Aereo Has Landed (in New York): First Impressions
Aereo came to New York on Wednesday, and as Technology Review’s man in the Big Apple, I took the service for an initial quick spin.
First of all, what is Aereo? It’s a service that streams over-the-air local TV to a device of your choosing (provided, for now, that the device of your choosing is an iOS device or a PC or Mac running Safari). It’s a technological feat Aereo has pulled off by engineering tiny TV antennas and locating them, en masse, in data centers; these data centers can then stream the TV to you instantly over your Internet connection. Aereo is also in a bit of legal hot water, since Aereo is doing all this without paying TV stations a licensing fee that they claim they’re entitled to. TR’s Brian Bergstein has given a good overview of what he calls “a legal show worth watching,” one that has yet to reach its finale.
But that’s beyond my purview here, which is to give you my own impressions of the service. My experience of the service was necessarily limited, since I don’t have an iPad or an Apple TV. I do, however, have an iPhone 4 and a (somewhat aged) MacBook. I took Aereo for a little test drive on each device.
First I went to Aereo.com through my iPhone’s browser—Aereo is not an app, but rather an HTML5 experience—and entered the login information Aereo had given me (it’s invitation-only for now; go to the site to sign up if you live in New York). A pleasantly designed list appeared before my eyes, with the heading “On Right Now.” There were just 27 stations in total to choose from, a reminder that Aereo only trades in over-the-air TV, not cable.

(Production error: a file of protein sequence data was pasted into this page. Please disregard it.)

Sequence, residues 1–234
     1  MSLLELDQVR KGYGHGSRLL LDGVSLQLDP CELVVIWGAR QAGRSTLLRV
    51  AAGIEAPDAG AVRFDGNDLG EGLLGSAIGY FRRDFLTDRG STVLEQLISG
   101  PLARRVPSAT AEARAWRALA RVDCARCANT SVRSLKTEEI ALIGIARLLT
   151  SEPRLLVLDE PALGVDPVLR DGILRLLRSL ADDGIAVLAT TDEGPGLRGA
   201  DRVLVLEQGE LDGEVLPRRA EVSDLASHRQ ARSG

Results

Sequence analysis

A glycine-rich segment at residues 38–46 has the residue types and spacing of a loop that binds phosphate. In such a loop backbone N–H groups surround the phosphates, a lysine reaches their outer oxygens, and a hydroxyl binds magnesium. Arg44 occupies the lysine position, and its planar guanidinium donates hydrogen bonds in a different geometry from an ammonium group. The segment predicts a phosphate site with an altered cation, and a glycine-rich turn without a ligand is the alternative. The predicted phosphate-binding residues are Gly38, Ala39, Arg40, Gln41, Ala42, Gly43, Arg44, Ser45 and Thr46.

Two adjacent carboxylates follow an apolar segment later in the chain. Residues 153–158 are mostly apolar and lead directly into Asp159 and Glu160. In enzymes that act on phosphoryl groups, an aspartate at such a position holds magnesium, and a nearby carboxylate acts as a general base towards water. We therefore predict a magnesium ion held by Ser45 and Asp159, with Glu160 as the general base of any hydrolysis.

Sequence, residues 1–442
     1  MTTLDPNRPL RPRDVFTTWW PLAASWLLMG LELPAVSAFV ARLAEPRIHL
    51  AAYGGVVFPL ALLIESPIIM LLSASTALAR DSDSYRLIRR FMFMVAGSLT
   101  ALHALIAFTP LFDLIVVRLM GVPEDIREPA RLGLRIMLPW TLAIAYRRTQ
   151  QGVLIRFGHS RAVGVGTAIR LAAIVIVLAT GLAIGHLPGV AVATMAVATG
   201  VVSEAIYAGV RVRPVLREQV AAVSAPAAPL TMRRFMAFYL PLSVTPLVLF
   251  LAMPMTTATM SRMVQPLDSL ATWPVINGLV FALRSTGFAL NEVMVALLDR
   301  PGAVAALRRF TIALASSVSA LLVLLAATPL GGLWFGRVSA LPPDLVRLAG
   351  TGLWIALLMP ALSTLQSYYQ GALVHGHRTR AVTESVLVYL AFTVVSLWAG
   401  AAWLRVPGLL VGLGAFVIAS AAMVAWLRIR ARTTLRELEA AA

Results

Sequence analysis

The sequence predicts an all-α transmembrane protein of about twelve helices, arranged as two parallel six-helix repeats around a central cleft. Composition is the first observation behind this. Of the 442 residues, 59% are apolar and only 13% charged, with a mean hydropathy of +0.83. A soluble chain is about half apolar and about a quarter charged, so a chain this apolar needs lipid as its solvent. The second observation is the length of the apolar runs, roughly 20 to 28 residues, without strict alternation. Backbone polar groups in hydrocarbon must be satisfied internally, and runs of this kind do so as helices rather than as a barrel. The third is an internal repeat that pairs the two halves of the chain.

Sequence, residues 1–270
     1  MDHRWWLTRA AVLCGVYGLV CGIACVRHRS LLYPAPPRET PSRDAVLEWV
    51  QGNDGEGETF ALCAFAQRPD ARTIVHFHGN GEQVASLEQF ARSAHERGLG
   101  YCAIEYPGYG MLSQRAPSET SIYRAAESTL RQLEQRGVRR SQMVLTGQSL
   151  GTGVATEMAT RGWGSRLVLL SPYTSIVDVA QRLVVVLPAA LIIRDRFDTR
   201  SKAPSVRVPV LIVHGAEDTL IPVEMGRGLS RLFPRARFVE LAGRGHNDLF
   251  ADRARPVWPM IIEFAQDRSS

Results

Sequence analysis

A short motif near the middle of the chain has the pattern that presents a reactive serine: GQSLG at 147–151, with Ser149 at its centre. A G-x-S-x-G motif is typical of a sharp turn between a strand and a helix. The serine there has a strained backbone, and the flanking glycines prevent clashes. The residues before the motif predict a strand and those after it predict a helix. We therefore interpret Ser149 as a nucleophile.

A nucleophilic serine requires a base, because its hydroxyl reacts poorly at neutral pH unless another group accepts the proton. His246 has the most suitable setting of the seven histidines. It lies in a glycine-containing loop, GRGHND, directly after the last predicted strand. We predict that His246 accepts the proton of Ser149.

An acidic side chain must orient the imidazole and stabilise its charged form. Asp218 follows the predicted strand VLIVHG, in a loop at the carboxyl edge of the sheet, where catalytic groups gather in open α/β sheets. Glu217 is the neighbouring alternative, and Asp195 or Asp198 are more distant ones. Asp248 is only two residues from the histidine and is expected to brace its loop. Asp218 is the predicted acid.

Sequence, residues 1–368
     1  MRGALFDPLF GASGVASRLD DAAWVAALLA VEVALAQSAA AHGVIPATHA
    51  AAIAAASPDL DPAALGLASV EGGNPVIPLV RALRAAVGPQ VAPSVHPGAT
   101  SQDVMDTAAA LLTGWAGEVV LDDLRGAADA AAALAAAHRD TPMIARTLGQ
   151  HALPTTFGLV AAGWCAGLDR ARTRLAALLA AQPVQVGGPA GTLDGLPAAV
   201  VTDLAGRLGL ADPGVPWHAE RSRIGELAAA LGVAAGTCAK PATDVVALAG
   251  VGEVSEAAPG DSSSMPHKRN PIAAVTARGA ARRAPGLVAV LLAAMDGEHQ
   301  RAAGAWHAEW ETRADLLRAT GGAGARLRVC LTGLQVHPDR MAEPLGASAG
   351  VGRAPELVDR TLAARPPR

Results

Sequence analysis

I clicked on a box next to an icon for a TV station that was running an episode of All in the Family at the moment. Clicking on the box for the show gave me the option of streaming it then and there, or recording it for later. (Aereo offers up to 40 hours of cloud-based DVR storage.) I clicked to watch it, and the show appeared in a new window, similar to when you click on a YouTube video.
I found that Aereo has a lot of DVR functionality built in. Even without clicking record, you have the ability to scrub back and forth in a show you’ve been watching. Drawing your finger horizontally rewinds and fast-forward; drawing your finger vertically at the same time varies the scrubbing speed, from ultra-fast to fine-tuned.
Returning to the list of shows, I found I was able to skip ahead to view my local TV schedule for the next two weeks or so. When I clicked on the show and then clicked record, Aereo gave me the option, familiar to DVR users, of just recording that one show, recording all episodes, or recording only new ones. I decided to record a single episode of Rock Center with Brian Williams that was airing at the moment. Aereo offers its users two antennas, so it’s possible to both record one show and stream another at the same time. That meant I’d be able to continue to fiddle with the site while recording.
At that point I turned to my MacBook. I initially tried to activate Aereo on Chrome, but was told that wasn’t an option for now. So I booted up Safari and navigated to Aereo through that browser. I was fairly dazzled by the user interface on the larger screen. A box to the left touted “featured content” (Jay Leno’s smiling mug, at the moment), and gave me the option of clicking over to my recordings. A box to the right allowed me to click through several tabs: there was a Guide, a “Feed” that could someday be populated with social content if I chose to link with Facebook Connect, a search bar, a settings tab, and a tab that told me what my two antennas were up to.
Here, unfortunately, things began to go awry for me. On Safari on my MacBook, I wasn’t actually able to get shows up and running. I clicked on live shows, and though Aereo appeared to register my request, a black box popped up with an interminable “Loading …” at the bottom. The same thing happened when I clicked over to my recordings. Aereo on my MacBook was smart enough to know I had initiated a recording of Rock Center via my iPhone, but when I clicked on the program, again I got that interminable “Loading …” Returning to my iPhone, though, I was able to replay what I had recorded of Rock Center. The picture was very clear, and the audio left little to be desired, for an iPhone experience, at least.